August 25, 2011

Summary of August 24, 2011 conference report for civil cases

The following is our summary of the Supreme Court’s actions on petitions for review in civil cases from the court’s conference on Wednesday, August 24, 2011. The summary includes those civil cases in which (1) review has been granted (not including grant-and-transfers), (2) review has been denied but one or more justices has voted for review, or (3) the court has ordered depublished an opinion of the Court of Appeal.

Review Granted

Marriage of Valli, S193990—Review Granted—August 24, 2011

The issue is whether a life insurance policy on the husband’s life that lists the wife as the policy owner, but is taken out jointly by the husband and the wife, is the wife’s separate property under the “form of title” presumption. The Court of Appeal, Second District, Division Five, held in a published decision that it is.

Elk Hills Power v. Board of Equalization, S194121—Review Granted—August 24, 2011

The issue is whether emission reduction credits purchased and applied under Health and Safety Code section 40709 were properly included in determining the fair market value of the assessed property. The Court of Appeal, Fourth District, Division One, held in a published decision that they were.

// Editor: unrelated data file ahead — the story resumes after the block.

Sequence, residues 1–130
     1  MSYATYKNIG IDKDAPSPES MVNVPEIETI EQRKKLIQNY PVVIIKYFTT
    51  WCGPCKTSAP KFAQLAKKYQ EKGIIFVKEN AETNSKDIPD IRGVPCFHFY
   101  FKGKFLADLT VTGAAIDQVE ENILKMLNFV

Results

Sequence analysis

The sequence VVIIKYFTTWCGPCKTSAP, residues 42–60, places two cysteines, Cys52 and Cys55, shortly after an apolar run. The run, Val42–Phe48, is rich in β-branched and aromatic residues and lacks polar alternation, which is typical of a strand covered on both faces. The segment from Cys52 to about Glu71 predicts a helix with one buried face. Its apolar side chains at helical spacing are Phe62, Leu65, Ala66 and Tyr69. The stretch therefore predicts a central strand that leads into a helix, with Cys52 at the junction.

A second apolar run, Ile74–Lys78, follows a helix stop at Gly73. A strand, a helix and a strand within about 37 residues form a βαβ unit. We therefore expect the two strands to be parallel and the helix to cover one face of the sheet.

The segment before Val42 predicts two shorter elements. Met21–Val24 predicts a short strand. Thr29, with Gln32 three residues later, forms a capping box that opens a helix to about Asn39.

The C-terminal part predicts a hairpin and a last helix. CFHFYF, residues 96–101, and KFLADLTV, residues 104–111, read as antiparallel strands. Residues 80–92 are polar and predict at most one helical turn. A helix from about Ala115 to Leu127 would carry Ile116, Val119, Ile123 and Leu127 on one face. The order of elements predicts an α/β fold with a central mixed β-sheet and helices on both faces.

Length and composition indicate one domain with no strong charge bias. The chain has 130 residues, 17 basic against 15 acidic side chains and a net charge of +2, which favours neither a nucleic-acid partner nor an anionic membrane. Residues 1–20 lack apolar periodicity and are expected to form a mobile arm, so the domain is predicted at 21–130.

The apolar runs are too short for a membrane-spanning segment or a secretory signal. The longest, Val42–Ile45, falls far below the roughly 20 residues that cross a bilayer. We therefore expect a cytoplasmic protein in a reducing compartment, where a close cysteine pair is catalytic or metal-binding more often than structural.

Kaiser Cement & Gypsum v. Insurance Co. of the State of Pennsylvania, S194724—Review Granted & Held—August 24, 2011

The court ordered further action deferred pending a decision in the related case of State of California v. Continental Insurance Company, S170560, which presents the issues: (1) When continuous property damage occurs during the periods of several successive liability policies, is each insurer liable for all damage both during and outside its period up to the amount of the insurer’s policy limits?, and (2) If so, is the “stacking” of limits — i.e., obtaining the limits of successive policies — permitted?

Review Denied (with dissenting justices)

Ribiero v. County of El Dorado, S194102—Review Denied [Werdegar, J., voting for review]—August 24, 2011

The issue was whether a purchaser of tax-defaulted property from a public entity at a tax sale may rescind the contract due to unilateral mistake. The Court of Appeal, Third District, held in a published decision that a purchaser’s mistake in buying real estate at a tax sale without knowing the amount of bond arrearages did not entitle the purchaser to rescind the tax-sale contract.



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